Table IV

Standardized canonical discriminant coefficients for the analyzed variables contributing to discriminant functions for MS, MONW and apparently healthy

Variables significantly contributing to discriminant functionsCanonical discriminant function
Eigen values0.8252120.462629
Proportion of total variation (%)0.6407711.000000

[i] BMI – body mass index, DBP – diastolic blood pressure, FG – fasting glucose, HDL-C – high-density lipoprotein cholesterol, HOMA1-IR – Homeostasis Model Assessment 1 – Insulin Resistant, SBP – systolic blood pressure, TG – triglycerides, UA – uric acid, WC – waist circumference.

Figure 2

Plot of the canonical discriminant functions used to assign patients to apparently healthy, metabolically obese normal weight (MONW) or metabolic syndrome (MS) groups


The associations between serum uric acid levels and MS have been evaluated in many studies, primarily in adults but also in children [28, 29]. The degree of their usefulness is still controversial because of the possibility of the influence of many interfering factors such as inflammation and oxidative stress, excess food and alcohol consumption and stressful lifestyle on UA serum concentration [30, 31]. However, there is little research on MS, MONW and the relationships between their individual components in the community of young people. This is a population with a long life expectancy, but unexpectedly frequent metabolic disturbance incidents occur, as we showed in our previous study [32]. Due to the indicated participation of uric acid in the pathogenesis of metabolic disturbances, also associated with MS, a change in approach to the role of UA is necessary in clinical practice. In this light, UA may be considered as an indicator and/or a predictor of the development of metabolic disorder, especially in young people. Several studies have reported significant associations of hyperuricemia with visceral or central and general obesity (measured by waist circumference and BMI, respectively), TG, vascular endothelial dysfunction, insulin resistance, and cardiovascular diseases [33]. Moreover, some authors have pointed out the emergence of UA as a possible biomarker to distinguish obese middle aged (aged 32–38) patients with and without MS [34]. However, they suggested that longitudinal research on younger patients would be necessary in order to determine whether it is a biomarker of future metabolic syndrome development.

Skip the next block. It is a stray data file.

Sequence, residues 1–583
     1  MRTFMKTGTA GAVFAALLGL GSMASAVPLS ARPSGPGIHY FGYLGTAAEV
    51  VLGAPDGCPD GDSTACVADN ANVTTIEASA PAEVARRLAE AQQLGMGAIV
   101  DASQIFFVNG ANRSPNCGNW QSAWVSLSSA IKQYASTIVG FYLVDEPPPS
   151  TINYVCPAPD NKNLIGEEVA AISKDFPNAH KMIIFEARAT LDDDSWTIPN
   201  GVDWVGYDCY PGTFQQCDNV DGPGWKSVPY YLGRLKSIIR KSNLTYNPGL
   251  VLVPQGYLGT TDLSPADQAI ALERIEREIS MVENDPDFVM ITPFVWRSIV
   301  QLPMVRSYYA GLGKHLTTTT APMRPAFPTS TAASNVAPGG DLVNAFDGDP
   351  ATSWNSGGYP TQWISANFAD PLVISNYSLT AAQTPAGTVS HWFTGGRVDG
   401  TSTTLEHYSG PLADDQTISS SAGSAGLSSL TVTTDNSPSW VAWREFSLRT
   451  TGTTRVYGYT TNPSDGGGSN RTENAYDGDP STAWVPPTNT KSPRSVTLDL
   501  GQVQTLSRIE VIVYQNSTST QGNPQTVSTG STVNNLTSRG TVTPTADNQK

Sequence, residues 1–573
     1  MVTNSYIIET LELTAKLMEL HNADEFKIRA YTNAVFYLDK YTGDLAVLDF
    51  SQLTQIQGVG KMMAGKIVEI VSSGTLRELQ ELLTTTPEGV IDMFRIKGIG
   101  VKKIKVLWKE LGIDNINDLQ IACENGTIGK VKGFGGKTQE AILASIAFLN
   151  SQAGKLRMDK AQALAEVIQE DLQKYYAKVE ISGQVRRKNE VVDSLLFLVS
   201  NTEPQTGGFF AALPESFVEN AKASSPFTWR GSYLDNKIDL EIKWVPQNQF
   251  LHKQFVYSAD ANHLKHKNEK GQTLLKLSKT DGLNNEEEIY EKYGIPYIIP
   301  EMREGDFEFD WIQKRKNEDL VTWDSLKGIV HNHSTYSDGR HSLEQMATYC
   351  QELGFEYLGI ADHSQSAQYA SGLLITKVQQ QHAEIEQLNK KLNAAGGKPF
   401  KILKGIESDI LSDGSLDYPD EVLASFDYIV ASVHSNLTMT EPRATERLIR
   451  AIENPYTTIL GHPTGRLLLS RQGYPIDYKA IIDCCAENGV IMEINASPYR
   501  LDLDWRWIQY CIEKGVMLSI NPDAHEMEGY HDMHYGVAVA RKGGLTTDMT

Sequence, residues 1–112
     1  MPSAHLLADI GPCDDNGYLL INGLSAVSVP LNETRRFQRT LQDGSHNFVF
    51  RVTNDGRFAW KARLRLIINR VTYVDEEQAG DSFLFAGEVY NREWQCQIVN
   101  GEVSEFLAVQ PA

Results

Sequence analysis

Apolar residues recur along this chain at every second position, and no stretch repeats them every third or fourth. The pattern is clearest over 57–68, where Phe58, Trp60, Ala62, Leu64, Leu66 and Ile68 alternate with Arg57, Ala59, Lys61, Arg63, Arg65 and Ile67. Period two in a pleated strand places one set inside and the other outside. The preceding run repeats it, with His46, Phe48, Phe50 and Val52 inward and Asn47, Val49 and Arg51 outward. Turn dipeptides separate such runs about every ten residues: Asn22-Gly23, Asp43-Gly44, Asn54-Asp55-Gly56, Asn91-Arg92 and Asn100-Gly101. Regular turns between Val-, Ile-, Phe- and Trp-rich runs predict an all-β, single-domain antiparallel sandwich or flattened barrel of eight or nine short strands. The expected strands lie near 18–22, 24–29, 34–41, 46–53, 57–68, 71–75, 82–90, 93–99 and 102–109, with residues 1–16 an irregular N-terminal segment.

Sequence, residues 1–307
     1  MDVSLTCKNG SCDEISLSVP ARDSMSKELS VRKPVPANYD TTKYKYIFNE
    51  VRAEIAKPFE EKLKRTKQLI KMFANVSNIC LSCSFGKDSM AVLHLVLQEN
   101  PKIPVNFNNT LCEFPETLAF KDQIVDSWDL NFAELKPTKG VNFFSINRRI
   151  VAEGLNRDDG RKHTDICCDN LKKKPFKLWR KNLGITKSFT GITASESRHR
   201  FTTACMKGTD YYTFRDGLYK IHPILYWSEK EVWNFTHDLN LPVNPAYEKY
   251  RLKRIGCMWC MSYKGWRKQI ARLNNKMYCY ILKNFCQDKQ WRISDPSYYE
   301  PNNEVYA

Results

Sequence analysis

Our results indicate that serum uric acid concentration correlates significantly with all biochemical and anthropometric parameters in the examined young people and the strongest relationships were revealed for WC, BMI, TC and HDL-C. Similar results with respect to strength and order of parameters were obtained by Gil-Compos et al. [29], but in a much younger group (about 10 years old), among which 23–25% of obese children presented at least three MS components. Our previous study showed that metabolic syndrome was mainly predominant among young men, while MONW was almost exclusively detected in women. We suggest that in young people an increase in uric acid levels is more closely related to metabolic syndrome features than insulin resistance. This is supported by our current observation that in the whole examined group, MS prevalence increases along with an increase in UA quartiles, while the percentage of MONW participants was at a similar level in all UA quartiles (Table III). We also found that serum UA level was significantly higher in men than in women. This may be due to estrogen promoting uric acid excretion in women [35].